SR Class 4Lav

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Southern Railway 4-LAV
4-lav emu.jpg
4-LAV unit approaching Coulsdon North c.1968
In service 1932–1969
Manufacturer Southern Railway
Built at Eastleigh Works
Constructed 1930–1932 (33),
1939–1940 (2)
Number built 35
Number in service 0
Number preserved 0
Number scrapped 35
Formation Power car + 2 trailer cars + power car
Fleet numbers Sets 1921–1953, later 2921–2955
Capacity 70 first class,
204 third class
Operator(s) Southern Railway and
British Railways
Line(s) served London Victoria to Brighton and Worthing
Car body construction Steel panelled, wooden body, on steel underframe
Train length 257 ft 2 12 in (78.40 m)
Weight 139 long tons (141 t)
Traction system Four 275 hp (205 kW) traction motors
Power output 1,100 hp (820 kW)
Electric system(s) 750 V DC
Current collection method Third rail
UIC classification Bo′2′+2′2′+2′2′+2′Bo
Braking system(s) Automatic air
Coupling system Screw-link
Multiple working Standard SR
Track gauge 4 ft 8 12 in (1,435 mm)

The Southern Railway (SR) gave the designation 4-LAV to the electric multiple units built to work the semi-fast services on the route between London and Brighton. None of these units survived long enough in British Rail ownership to be allocated a TOPS class.


The original series of 4-LAV (4-car Lavatory stock) units, (numbers 1921–1953), were built at Eastleigh carriage works during 1931 and 1932 for use on the newly electrified London to Brighton line. They were fitted with four Metropolitan-Vickers 275 h.p. traction motors. Despite the prominence given to the lavatory provision in the SR designation, there was actually only one lavatory in the whole four-car unit, and due to the lack of corridors in the unit, only passengers in that coach had access to it. The units were renumbered 2921–2953 in the January/February 1937 renumbering of SR EMUs.

Two further units, (numbers 2954 and 2955) were added to stock in 1940, under the direction of Oliver Bulleid. These were fitted with English Electric 275 h.p. traction motors.[1]

The DMBT (Driving Motor Brake Third) had a full-width cab with a guard's compartment behind, and seven third class compartments seating 70. The TC (Trailer Composite) had five first-class and four third-class compartments seating 40 in each class. The TCL (Trailer Composite with Lavatory) had five first-class and three third-class compartments seating 30 and 24, respectively, with a toilet at each end.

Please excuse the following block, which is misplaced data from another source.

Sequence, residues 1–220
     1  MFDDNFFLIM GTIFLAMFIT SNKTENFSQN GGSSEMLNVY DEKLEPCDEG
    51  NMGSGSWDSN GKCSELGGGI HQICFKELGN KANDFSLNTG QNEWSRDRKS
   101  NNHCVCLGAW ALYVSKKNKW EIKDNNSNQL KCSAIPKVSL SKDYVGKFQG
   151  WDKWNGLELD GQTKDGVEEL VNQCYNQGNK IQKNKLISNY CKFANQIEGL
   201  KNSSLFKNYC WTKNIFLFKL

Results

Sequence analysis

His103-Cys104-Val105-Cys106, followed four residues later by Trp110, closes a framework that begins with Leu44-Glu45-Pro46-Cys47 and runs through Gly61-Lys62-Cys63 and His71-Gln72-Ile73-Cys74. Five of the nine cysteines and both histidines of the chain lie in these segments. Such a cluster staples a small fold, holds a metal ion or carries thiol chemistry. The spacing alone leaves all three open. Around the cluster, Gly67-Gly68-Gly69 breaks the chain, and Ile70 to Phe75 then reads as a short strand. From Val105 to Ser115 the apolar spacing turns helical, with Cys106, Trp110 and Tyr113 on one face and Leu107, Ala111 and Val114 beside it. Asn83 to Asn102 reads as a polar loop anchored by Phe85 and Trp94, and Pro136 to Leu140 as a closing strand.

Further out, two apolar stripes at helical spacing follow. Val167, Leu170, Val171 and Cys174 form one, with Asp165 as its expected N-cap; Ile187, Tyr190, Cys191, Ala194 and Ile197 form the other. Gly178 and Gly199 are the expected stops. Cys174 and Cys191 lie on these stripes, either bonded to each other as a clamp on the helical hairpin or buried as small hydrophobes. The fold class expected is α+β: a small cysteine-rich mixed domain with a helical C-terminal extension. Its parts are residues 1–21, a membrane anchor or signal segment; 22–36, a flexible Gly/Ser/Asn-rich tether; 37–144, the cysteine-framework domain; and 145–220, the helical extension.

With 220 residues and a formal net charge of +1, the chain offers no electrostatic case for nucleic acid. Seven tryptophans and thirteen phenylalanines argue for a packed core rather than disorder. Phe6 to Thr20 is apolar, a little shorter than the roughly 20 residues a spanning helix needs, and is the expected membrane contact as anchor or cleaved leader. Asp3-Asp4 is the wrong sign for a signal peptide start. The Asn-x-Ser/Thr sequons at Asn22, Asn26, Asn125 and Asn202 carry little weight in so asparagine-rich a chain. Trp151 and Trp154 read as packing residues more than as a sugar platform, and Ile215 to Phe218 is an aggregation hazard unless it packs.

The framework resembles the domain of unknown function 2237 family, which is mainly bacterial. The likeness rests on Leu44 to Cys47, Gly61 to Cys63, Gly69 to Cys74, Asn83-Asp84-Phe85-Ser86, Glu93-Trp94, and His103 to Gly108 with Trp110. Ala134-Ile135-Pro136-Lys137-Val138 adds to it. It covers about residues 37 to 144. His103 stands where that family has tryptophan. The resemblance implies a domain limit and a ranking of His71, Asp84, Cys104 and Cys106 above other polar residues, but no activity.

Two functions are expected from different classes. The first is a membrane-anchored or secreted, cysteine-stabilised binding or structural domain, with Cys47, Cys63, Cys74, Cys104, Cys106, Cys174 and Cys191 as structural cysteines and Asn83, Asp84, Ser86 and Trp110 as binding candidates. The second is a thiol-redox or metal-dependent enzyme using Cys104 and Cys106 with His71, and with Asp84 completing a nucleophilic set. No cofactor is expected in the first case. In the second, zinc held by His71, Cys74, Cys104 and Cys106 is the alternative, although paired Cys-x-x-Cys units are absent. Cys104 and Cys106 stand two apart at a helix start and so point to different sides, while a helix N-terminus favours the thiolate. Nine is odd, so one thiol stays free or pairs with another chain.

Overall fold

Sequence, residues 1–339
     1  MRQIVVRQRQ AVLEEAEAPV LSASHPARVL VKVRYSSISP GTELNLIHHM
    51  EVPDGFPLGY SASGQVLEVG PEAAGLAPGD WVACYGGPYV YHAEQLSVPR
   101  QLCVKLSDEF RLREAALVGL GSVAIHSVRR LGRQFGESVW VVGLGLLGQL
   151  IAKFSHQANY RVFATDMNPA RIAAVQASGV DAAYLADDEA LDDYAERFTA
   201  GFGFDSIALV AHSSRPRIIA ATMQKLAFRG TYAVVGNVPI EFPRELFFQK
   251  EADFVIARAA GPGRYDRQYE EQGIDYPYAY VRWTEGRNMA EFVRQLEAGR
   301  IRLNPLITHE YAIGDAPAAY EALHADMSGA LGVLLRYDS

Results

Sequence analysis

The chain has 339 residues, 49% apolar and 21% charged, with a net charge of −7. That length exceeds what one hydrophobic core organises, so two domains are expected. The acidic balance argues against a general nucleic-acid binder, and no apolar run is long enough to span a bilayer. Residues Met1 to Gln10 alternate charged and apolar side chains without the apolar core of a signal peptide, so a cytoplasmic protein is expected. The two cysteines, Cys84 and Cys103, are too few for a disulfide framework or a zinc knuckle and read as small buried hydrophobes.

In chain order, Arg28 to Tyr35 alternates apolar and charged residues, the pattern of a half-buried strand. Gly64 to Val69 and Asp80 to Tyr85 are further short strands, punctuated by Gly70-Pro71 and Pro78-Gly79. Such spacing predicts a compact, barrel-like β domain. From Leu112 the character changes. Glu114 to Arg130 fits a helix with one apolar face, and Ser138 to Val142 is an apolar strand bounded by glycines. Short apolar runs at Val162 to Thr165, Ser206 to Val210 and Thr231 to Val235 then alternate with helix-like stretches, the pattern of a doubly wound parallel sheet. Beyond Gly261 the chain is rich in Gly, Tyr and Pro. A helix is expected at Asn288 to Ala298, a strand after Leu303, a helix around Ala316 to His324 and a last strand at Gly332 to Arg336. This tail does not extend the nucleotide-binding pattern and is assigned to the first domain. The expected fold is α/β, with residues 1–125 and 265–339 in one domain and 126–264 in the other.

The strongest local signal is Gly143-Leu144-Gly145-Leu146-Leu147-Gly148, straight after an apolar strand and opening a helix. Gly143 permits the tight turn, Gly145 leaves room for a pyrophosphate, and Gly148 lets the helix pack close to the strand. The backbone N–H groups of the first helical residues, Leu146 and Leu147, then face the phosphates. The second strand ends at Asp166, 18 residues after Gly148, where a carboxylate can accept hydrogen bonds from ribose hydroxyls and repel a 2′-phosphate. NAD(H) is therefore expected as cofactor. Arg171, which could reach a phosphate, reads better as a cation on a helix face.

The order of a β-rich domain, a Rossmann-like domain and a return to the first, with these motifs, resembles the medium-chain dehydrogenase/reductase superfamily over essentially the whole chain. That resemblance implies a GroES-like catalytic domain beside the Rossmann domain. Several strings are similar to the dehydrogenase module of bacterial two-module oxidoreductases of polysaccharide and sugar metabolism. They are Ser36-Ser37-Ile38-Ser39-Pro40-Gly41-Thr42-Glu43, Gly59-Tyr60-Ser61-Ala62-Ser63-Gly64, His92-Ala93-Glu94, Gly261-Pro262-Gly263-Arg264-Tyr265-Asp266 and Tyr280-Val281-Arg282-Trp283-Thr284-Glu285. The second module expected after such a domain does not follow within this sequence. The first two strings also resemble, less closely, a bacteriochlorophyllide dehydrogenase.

One unit, number 2926, was fitted with one 2-HAL type motor coach.[2]


Throughout their careers they operated the slower services on the London to Brighton line between either London Bridge or Victoria and Brighton railway station. They were also used on stopping trains on the Arun Valley Line and on the Sussex coast lines to the east and west of Brighton.


Initial formations of these units were as follows (cars not always formed in numerical order):

1921–1953 / 2921–2953 10501–10565 (odds) 12001–12033 11501–11533 10502–10566 (evens)
2954–2955 10497–10499 11999–12000 11534–11535 10498–10500


The majority of the 4-LAV units were withdrawn from ordinary passenger service in 1968, with the final few going in April 1969, being replaced on their duties by new 4-VEP sets. Almost all the units were scrapped, but some of the 1940-built cars survived in departmental (non-revenue earning) use for several more years. However, no 4-LAV stock exists today.


  1. ^ The ABC of British Railway Locomotives: Combined Volume, Sixth Edition, Winter 1961/2, Ian Allan Ltd., 1961. p.251.
  2. ^ ABC, 1961 p.251
  • Marsden, Colin J. (1983). Southern Electric Multiple-Units 1898–1948. Shepperton, Surrey: Ian Allan Limited. pp. 24–27. ISBN 0-7110-1253-9.